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Texas Divorce Form Glossary

Texas Divorce Form GlossaryOne of the most important steps in the divorce process is the Marital Settlement Agreement, which is an agreement that clearly provides the division of assets. Ownership of assets like cars, homes, debt, as well as custody of children and/or pets are a few examples of what you can expect to discuss in a Marital Settlement Agreement. This agreement is basically the meat of the divorce process, and is one of the steps for those filing Texas divorce papers that can spark the most heated arguments and nasty legal battles. Luckily, there are five core elements to discuss when drafting your Marital Settlement Agreement: Alimony, Child Custody, Visitation, Child Support, and Property Division.

Alimomy Laws for Texas

Alimony is financial support one spouse pays to another for an agreed period of time. In the agreement a divorcing couple must decide if alimony should be paid, who will pay who, how much the alimony will be, and over what period the alimony will be paid (weeks, months, or years?). For the most part, the rules regarding filing for divorce in Texas are very similar to other US states rules regarding alimony.

Child Custody in Texas

Child Custody determines which parent will care for the child of their marriage. Again, there are relatively few differences in Texas divorce laws in comparison to that of other US states. There are two types of child custody: 1) Sole Custody means only one parent will be the legal guardian of the child, and will house the child. That parent has total authority over the child’s medical and educational decisions and more. 2) Joint Custody means that both parents will equally share guardianship and responsibility of the child. Parents must create an alternating schedule and keep in regular contact to continue jointly raising the child.

Visitation rights and other custody concerns

Visitation rights, possession and access of the child, are available to the parent without sole-custody if the spouses negotiate and define a visitation schedule. The types of visitation by definition and in accord with the rules and regulations of Texas Family Law Court are: 1) Standard Possession Order 2) Modified Possession Order, in which the terms have been tweaked to accommodate the participants. 3) Modified Under Three Order, in which the needs of a child three years or younger are considered in the visitation schedule. 4) Supervised Visitation, in which the entire visit is supervised by a court-approved, and sometime appointed, supervisor.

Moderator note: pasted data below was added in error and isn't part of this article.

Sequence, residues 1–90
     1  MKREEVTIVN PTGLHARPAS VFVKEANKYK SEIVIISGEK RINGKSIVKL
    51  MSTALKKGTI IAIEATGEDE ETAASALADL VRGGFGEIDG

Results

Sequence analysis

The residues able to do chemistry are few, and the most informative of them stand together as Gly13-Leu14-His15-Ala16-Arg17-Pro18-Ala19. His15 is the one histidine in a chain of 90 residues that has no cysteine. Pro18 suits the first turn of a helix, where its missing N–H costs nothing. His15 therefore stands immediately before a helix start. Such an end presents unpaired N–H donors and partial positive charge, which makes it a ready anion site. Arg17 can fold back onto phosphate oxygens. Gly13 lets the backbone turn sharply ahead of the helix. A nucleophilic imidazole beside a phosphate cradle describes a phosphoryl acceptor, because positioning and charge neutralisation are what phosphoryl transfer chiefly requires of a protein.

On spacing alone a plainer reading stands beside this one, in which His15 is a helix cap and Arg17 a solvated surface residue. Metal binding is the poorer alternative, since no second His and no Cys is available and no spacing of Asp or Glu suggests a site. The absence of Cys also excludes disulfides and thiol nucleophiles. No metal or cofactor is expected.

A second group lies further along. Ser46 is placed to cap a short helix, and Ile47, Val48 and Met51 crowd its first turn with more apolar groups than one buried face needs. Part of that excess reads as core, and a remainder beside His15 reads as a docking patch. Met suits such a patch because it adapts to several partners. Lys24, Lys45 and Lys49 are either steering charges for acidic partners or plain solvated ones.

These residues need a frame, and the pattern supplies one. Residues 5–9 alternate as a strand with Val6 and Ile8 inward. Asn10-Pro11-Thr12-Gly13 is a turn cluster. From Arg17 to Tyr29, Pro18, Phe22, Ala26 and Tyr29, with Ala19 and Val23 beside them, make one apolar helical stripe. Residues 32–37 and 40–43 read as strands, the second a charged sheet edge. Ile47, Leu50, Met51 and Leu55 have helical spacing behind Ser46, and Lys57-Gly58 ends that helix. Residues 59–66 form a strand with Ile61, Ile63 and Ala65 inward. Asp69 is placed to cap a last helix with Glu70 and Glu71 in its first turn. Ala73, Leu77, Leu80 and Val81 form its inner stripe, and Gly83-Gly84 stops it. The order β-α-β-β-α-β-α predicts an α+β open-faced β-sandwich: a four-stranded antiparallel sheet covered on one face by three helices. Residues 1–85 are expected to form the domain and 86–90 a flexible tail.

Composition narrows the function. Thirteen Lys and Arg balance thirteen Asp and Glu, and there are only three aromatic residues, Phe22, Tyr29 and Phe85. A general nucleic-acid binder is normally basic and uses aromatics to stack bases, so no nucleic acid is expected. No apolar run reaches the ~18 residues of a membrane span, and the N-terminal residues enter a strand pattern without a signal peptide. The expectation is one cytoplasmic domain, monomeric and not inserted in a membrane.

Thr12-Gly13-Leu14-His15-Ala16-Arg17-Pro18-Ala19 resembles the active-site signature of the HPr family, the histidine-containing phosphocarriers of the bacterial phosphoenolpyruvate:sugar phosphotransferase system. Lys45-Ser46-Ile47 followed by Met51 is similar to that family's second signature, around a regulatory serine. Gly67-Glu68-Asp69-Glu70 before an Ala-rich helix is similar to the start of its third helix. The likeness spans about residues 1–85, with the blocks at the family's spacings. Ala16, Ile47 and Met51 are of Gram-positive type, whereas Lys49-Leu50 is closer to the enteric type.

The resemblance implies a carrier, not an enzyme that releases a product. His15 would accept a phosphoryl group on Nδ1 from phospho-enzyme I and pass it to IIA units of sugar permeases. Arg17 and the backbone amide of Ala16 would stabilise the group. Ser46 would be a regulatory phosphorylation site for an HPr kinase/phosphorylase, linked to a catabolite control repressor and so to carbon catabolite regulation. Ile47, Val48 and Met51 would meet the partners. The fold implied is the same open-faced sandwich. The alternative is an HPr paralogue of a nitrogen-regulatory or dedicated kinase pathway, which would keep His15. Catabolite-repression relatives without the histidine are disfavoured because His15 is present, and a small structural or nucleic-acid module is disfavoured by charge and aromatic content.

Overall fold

Texas Child Support Laws

Child Support is the money paid to the sole-custody parent to providing for the child’s needs, like food, shelter, clothes, education, medical care, and more. The paying parent pays 20% of their paycheck each month for one child. For each additional child, the percentage goes up 5%. Child support continues to be paid until they turn 18 or are emancipated. The terms of child support, visitation, or custody can be changed by completing and filing a Petition or Motion for Modification form.

Division of Property

Property Division divides items bought or acquired during the marriage between the spouses. Items like cars, jewels, real estate, pensions, retirement accounts, and patents, to name a few, are divided in Texas based on whether or not the items were acquired before or during the marriage.

Each case of those filing for divorce in Texas is different because family units are unique. In order to make your divorce as peaceful and non-disruptive as possible, sit down with your lawyers and spouse to work out the details of your Marital Settlement Agreement by each of the categories above.

One thought on “Texas Divorce Form Glossary; the Marital Settlement Agreement

  1. Rosen

    Each and every state has it’s own laws for divorce. Texas is the most populated state in US. The annual rate of divorce in Texas is 4.1 per 1000 people. Thanks for sharing such informative article about the all the major issues regarding divorce in Texas. Really Good Post!!


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